Shao JY, Li YH, Gao HY, Wu QL, Cui NJ, Zhang L, et al. Comparison of plasma Epstein-Barr virus (EBV) DNA levels and serum EBV immunoglobulin A/virus capsid antigen antibody titers in patients with nasopharyngeal carcinoma. Cancer. 2004;100(6):1162–70.
Chen WH, Tang LQ, Guo SS, Chen QY, Zhang L, Liu LT, et al. Prognostic Value of Plasma Epstein-Barr Virus DNA for Local and Regionally Advanced Nasopharyngeal Carcinoma Treated With Cisplatin-Based Concurrent Chemoradiotherapy in Intensity-Modulated Radiotherapy Era. Medicine. 2016;95(5):e2642.
Yu Z, Luo W, Zhou QC, Zhang QH, Kang DH, Liu MZ. Impact of changing gross tumor volume delineation of Intensity modulated radiotherapy on the dose distribution and clinical treatment outcome after induction chemotherapy for the primary locoregionally advanced nasopharyngeal carcinoma. Chin J Cancer. 2009;28(11):1132–7.
National Comprehensive Cancer Network for Head and Neck Cancers. Version 1. 2018. https://www.nccn.org/professionals/physician_gls/pdf/head-and-neck. Accessed 1 Sept 2018.
Wei WH, Cai XY, Xu T, Zhang GY, Wu YF, Feng WN, et al. Concurrent weekly docetaxel chemotherapy in combination with radiotherapy for stage III and IVA-B nasopharyngeal carcinoma. Asian Pac J Cancer Prev. 2012;13(3):785–9.
Van Rijn J, van den Berg J, Meijer OW. Proliferation and clonal survival of human lung cancer cells treated with fractionated irradiation in combination with paclitaxel. Int J Radiat Oncol Biol Phys. 1995;33:635–9.
Suzuki M, Nishimura Y, Nakamatsu K, Kanamori S, Koike R, Kawamoto M, et al. Phase I study of weekly docetaxel infusion and concurrent radiation therapy for head and neck cancer. Jpn J Clin Oncol. 2003;33:297–301.
Calais G, Bardet E, Sire C, Alfonsi M, Bourhis J, Rhein B, et al. Radiotherapy with concomitant weekly docetaxel for stages III/IV oropharynx carcinoma. Results of the 98-02 GORTEC phase II trial. Int J Radiat Oncol Biol Phys. 2004;58:161–6.
Karasawa K, Matsumoto F, Ito S, Oba S, Furuya T, Hirowatari H, et al. Hyperfractionated radiotherapy with concurrent docetaxel for advanced head and neck cancer: a phase II study. Anticancer Res. 2012;32(9):4013–8.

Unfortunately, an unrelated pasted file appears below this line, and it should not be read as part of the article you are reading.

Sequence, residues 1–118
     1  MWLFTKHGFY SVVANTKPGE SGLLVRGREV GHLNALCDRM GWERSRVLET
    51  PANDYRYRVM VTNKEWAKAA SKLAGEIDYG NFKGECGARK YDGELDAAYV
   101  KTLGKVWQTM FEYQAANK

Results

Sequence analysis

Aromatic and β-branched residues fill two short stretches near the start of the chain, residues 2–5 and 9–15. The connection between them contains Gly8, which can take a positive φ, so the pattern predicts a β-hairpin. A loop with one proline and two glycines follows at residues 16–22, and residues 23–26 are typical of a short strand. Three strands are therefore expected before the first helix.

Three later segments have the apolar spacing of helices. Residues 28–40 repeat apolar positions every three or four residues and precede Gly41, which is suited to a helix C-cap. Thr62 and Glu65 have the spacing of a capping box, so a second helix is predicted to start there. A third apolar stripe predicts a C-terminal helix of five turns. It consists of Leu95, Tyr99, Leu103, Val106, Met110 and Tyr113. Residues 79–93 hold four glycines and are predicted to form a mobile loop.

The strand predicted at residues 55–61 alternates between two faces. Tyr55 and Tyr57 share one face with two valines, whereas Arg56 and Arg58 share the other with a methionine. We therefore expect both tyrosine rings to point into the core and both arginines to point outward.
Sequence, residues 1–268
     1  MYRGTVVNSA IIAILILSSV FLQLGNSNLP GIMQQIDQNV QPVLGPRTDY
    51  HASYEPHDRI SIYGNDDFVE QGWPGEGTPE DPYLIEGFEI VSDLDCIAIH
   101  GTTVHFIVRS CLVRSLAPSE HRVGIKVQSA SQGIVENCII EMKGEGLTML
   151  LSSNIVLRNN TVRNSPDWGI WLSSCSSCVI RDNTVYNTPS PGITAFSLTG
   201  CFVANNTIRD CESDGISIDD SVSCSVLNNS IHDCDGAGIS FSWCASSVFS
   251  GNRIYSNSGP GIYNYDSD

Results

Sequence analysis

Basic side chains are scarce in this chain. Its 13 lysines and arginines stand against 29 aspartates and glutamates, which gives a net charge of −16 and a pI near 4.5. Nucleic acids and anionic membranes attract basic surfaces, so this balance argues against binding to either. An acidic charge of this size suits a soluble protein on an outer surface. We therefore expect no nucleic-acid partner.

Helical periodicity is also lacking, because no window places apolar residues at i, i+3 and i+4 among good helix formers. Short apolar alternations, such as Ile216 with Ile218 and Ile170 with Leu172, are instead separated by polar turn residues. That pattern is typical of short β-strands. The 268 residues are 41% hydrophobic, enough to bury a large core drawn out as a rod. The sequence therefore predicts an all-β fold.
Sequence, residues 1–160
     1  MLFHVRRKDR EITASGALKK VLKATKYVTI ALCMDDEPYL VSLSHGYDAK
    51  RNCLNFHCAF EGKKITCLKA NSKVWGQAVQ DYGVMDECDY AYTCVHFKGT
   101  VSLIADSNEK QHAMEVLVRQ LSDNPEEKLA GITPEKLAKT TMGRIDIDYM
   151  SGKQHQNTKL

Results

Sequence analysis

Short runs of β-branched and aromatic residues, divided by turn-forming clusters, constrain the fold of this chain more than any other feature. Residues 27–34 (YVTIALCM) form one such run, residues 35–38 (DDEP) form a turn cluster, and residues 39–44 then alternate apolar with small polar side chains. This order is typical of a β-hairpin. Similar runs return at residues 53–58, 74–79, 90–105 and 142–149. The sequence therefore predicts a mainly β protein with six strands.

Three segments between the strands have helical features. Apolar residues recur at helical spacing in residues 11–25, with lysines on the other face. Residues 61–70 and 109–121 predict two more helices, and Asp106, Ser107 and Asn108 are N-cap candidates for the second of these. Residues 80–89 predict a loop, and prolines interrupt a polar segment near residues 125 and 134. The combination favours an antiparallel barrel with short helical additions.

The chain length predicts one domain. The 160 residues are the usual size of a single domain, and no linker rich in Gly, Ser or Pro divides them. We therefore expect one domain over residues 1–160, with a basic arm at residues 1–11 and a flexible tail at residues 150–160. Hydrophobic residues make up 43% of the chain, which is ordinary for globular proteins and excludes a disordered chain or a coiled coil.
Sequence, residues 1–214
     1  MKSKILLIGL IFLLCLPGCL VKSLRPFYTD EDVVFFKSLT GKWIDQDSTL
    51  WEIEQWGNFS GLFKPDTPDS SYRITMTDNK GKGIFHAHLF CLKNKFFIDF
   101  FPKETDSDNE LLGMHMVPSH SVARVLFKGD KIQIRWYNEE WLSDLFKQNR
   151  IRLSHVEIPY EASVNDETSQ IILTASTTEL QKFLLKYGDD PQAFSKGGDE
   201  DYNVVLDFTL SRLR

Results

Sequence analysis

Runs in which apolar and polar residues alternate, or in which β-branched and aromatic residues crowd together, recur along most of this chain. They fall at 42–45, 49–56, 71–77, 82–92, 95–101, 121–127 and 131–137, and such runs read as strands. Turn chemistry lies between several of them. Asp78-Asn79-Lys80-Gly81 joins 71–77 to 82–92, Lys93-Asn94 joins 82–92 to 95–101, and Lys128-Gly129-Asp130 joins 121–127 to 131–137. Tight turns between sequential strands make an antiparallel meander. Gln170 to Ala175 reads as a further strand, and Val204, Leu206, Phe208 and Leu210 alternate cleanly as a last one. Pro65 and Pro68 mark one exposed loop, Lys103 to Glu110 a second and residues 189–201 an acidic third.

Jomon Raphael C, Rajesh I, Rajesh B, Selvamani B, John S. Feasibility and response of concurrent weekly docetaxel with radical radiotherapy in locally advanced head and neck squamous cell carcinoma. J Clin Diagn Res. 2015;9(3):XC01–4.
We thank the Clinical Trials Center, Sun Yat-sen University Cancer Center for trial monitoring, data management, and statistical assistance.
Ethics approval and consent to participate
The protocol of this study was approved by the institutional ethics committee of the Sun Yat-sen University Cancer Center, and consent for the use of data in research was obtained for each participant.
Consent for publication
The authors declare that they have no competing interests.
Additional file 1: Table S1.
Details of the completion of chemotherapy in the whole cohort (962 patients) and the matched cohort (448 patients). Table S2. Details of the dose density of cisplatin in the whole cohort (737 patients) and the matched cohort (224 patients). Table S3. Nodal volume and dosimetric parameter of the two groups in the matched cohort.
Rights and permissions
Open Access This article is distributed under the terms of the Creative Commons Attribution 4.0 International License (http://creativecommons.org/licenses/by/4.0/), which permits unrestricted use, distribution, and reproduction in any medium, provided you give appropriate credit to the original author(s) and the source, provide a link to the Creative Commons license, and indicate if changes were made. The Creative Commons Public Domain Dedication waiver (http://creativecommons.org/publicdomain/zero/1.0/) applies to the data made available in this article, unless otherwise stated.
About this article
Cite this article
Liao, JF., Zhang, Q., Du, XJ. et al. Concurrent chemoradiotherapy with weekly docetaxel versus cisplatin in the treatment of locoregionally advanced nasopharyngeal carcinoma: a propensity score-matched analysis. Cancer Commun 39, 40 (2019). https://doi.org/10.1186/s40880-019-0380-x
- Concurrent chemoradiotherapy
- Nasopharyngeal carcinoma
- Propensity score matching
- Intensity-modulated radiotherapy
- Overall survival
- Distant metastasis-free survival
- Locoregional recurrence-free survival
- Nodal recurrence-free survival